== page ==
Making Shaker Oval Boxes
Second Revision, By David J. Tilson
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This material was originally produced as a handout
to accompany a class I taught on making Shaker-style boxes. I've revised
it to include better descriptions of the processes involved (which were shown
during the class, and threfore unnecessary in the original), but I never
thoroughly documented the process photographically. Therefore, I must leave
it to the intelligence of the woodworker to decipher the details of the processes
involved. The references listed at the bottom of the page also include
many details and pictures to assist you in understanding the process of making
Shaker style boxes. And, of course, there's always the "Contact Me"
Safety in the workshop is YOUR RESPONSIBILITY alone; I make no warranty as
to the safety of any technique or tool shown or described on this site.
Before beginning any project, you must understand woodshop safety,
know how to safely operate any machinery that is to be used in the project,
and understand the safe use and any potential safety hazards involved in
the use of all materials to be used in the project. See the
General Safety Notice and the
Chemical Safety Note for additional
A set of Shaker boxes from #0 to #4.
In the early nineteenth century,
finding inexpensive and efficient ways of storing things could be a bit of
a challenge. Cardboard boxes, Tupperware, and Ziploc bags would
not be invented until a hundred years later. One solution arrived at by the
ever practical and efficient shakers was the oval bentwood box. Oval boxes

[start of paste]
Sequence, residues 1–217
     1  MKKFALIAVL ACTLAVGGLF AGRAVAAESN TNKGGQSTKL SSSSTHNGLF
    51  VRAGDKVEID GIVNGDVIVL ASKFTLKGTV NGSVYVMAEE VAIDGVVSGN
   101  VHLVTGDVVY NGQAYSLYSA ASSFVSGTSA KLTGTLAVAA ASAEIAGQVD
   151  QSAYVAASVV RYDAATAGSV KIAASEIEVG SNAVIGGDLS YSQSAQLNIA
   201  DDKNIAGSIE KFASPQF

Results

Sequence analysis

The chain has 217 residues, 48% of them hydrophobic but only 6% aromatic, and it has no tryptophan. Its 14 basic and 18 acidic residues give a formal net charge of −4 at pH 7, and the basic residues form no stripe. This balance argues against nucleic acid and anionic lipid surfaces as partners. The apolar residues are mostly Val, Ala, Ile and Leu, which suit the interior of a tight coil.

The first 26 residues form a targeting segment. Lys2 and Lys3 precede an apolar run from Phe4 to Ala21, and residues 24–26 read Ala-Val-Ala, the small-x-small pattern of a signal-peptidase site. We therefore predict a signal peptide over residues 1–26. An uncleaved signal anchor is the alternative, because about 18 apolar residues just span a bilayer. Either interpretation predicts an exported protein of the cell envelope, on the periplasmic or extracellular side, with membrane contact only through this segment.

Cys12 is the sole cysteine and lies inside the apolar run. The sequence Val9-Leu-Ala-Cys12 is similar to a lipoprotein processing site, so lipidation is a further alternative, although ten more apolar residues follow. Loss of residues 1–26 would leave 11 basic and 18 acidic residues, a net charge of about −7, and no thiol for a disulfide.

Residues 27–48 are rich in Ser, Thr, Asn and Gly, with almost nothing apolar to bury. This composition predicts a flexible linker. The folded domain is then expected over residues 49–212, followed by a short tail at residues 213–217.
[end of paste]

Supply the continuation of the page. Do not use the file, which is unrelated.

hold a lot with very little wood and are relatively quick and easy to make.
One of their best features is that they are designed to store compactly one
inside another, so as not to waste valuable cabinet space when not in use.
The construction of an oval box begins with two bands of veneer:
one for the box, one for the lid. Fingers are cut in one end of the band
and holes drilled for the tacks which secure the band once it has been bent
into an oval shape. The fingers serve to reinforce the main tacked joint.
The other end of the band is tapered in thickness to provide a smooth transition
where the veneer overlaps once it has been bent into an oval shape.
The veneer bands are boiled to soften them, and then they are
bent to the desired shape and held with copper tacks, which are clinched
(bent over in back) to secure the joint. After drying, the bands are fitted
with a solid wood top and bottom and finished, completing the box.
J I G S
When bending wood, some sort of form or template is usually
required. In the case of shaker boxes, the former is simply a wooden oval
form slightly smaller than the finished oval shape, the same height as the
height of the box, having two alignment marks on its top. The first is the
start point, where the end of the band is placed when beginning the bending
process. The second is the center mark, which denotes the center of the oval's
broad face and indicates the ideal location for the main row of tacks used
to secure the sides. One former is required for each size of box to be made.
After the bands are bent and secured with the tacks, shapers
are placed in them to hold their shape while they dry. Shapers are cork-shaped
oval forms, with center marks on them to line up with the tack line, and
holes in them to facilitate their removal and to allow ventilation as the
bands dry. Two shapers are needed for each box, one on top, one on the bottom;
the band for the lid dries wrapped around the box. If multiple boxes of the
same size are to be made at one time, more sets of shapers will be needed.
The center marks on each shaper must be aligned with the tack line, or the
box may be poorly shaped.
An anvil of some sort is necessary to clinch the tacks. The
simplest tool for the job is an eight-inch length of one inch galvanized
steel pipe. Galvanized pipe is best because it reduces the possibility
of discoloration of the wet wood. The pipe may be bolted to a bench, or simply
held in a vise.
One more useful jig is a template for tracing the shape of
the fingers and marking the holes for the tacks.